CJ: Okay. And what would you in terms of, like how much would you say you’d have saving wise? Can you hear me?

Patrick: Yep. Sorry, can you hear me?

CJ: Okay. Sorry like when you first like said, okay, I’m going to start doing my own, having my web design business. How much money would you recommend, saving wise just to prepare for that dry spell or anything like that?

Patrick: You know what, that all comes down to your personal budget. So yeah, because everyone’s different. Right? So yeah, you have to figure out what you’re in and that’s basically all that based on what my monthly budget was for my living needs. And you have to figure that out for yourself, and kind of determine how much money you would need to have in the tank basically for those dry spells. Until you get to that point where you’re making your residual income each month, the maintenance.

Prioritizing Practice and Closing Thoughts

CJ: Okay. So, yeah, that’s pretty much all my questions so yeah, thanks again Patrick. Is there any other tips or advice you’d say?

Patrick: Just generic tips or advice? My number one, when people ask me that, I always say, devote time, spend more time on the project and you’ll get better, faster. And I see that in, our little launchers community, the people that are the most engaged in the community, the people that are putting in the work, the practice of website building they’re progressing faster and they’re getting clients already. And the ones that are talking about doing things and talking about this and asking a lot of questions and getting answers, but not acting on it, they’re not making much progress. So it’s all about action, it’s like any other skill, if you want to learn a guitar, you got to put it into practice daily. If you want to become a carpenter, you got to put in practice for years. Web design is no different, but the good news is that, you know, with this crazy pandemic and everything going on, I mean, I know most of us being locked up in our homes are trying to stay home. We have a little extra time most of us, so instead of using that time for Netflix or PlayStation five, I would encourage you to, yeah, put it in the practice and yeah you’ll get better faster.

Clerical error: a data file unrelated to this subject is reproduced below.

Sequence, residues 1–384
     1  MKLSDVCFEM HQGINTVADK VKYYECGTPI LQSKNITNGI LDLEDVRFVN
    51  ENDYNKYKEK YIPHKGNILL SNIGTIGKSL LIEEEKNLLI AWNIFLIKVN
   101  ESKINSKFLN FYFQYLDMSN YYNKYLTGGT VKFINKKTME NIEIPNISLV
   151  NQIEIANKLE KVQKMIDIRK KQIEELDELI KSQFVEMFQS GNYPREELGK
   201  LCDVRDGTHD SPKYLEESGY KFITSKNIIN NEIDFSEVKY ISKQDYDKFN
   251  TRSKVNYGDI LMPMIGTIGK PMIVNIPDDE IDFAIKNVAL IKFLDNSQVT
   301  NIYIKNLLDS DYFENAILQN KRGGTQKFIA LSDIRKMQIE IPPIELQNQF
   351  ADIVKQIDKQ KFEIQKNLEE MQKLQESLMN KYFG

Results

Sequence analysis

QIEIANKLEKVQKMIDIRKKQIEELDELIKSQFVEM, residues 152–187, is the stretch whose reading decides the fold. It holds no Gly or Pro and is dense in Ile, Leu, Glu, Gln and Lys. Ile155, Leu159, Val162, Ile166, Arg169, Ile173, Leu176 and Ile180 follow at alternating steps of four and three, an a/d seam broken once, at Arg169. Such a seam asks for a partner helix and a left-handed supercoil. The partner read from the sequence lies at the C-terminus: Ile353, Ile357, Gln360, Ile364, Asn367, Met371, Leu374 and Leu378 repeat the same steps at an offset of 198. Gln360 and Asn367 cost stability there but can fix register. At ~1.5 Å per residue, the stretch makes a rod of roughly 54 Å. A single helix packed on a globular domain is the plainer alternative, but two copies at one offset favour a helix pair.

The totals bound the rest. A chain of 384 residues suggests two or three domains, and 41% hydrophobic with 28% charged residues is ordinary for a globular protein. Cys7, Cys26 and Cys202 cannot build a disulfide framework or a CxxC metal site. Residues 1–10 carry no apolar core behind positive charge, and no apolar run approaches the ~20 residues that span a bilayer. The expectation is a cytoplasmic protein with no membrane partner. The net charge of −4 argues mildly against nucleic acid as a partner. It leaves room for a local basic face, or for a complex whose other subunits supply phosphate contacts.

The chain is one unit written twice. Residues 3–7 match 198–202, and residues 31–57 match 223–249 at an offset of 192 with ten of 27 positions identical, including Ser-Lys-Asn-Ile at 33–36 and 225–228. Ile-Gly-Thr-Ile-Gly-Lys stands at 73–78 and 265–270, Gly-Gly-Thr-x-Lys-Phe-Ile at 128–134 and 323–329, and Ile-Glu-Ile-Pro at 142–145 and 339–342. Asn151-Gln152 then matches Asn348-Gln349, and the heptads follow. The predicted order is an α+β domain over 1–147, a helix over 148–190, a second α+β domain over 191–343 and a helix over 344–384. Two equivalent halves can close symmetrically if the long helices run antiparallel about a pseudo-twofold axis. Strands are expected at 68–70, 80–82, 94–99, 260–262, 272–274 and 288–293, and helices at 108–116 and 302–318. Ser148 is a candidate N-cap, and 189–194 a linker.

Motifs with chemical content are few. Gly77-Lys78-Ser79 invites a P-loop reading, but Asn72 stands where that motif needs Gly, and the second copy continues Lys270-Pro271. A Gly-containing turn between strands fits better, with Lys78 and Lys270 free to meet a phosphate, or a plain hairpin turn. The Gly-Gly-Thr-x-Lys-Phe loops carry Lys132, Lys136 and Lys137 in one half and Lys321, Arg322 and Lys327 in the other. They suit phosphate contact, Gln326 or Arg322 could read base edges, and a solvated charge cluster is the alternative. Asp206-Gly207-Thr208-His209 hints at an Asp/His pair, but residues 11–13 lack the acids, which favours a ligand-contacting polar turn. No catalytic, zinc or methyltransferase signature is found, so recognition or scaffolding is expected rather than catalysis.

CJ: Yeah. Cause I’ve definitely given up on both of those from week one, but yeah. Okay, all right. Well again, I appreciate it and thanks for your time.

Patrick: No worries. Thanks for reaching out CJ. And when you finish your own website, I’d be interested in taking a look at it.

CJ: Yeah, definitely. I think you had a link where you gave people, at the end of your videos, where to go, if you want it, like to rate their websites. So yeah.

Patrick: I’m doing free website reviews now. It’s kind of a new YouTube thing of doing, so people seem to like it.

CJ: So yeah. So I’m still working on it. I’ve got a few more pages, but that’s definitely something that I would be looking into so appreciate it.

Patrick: All right CJ, Stay safe.

CJ: Yes, you too.

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Patrick Antinozzi

This post was written by an organic being with the help of AI. Pretty wild that I have to disclaim that, eh? I'm just trying to provide value. It's not always the prettiest or the most succinct.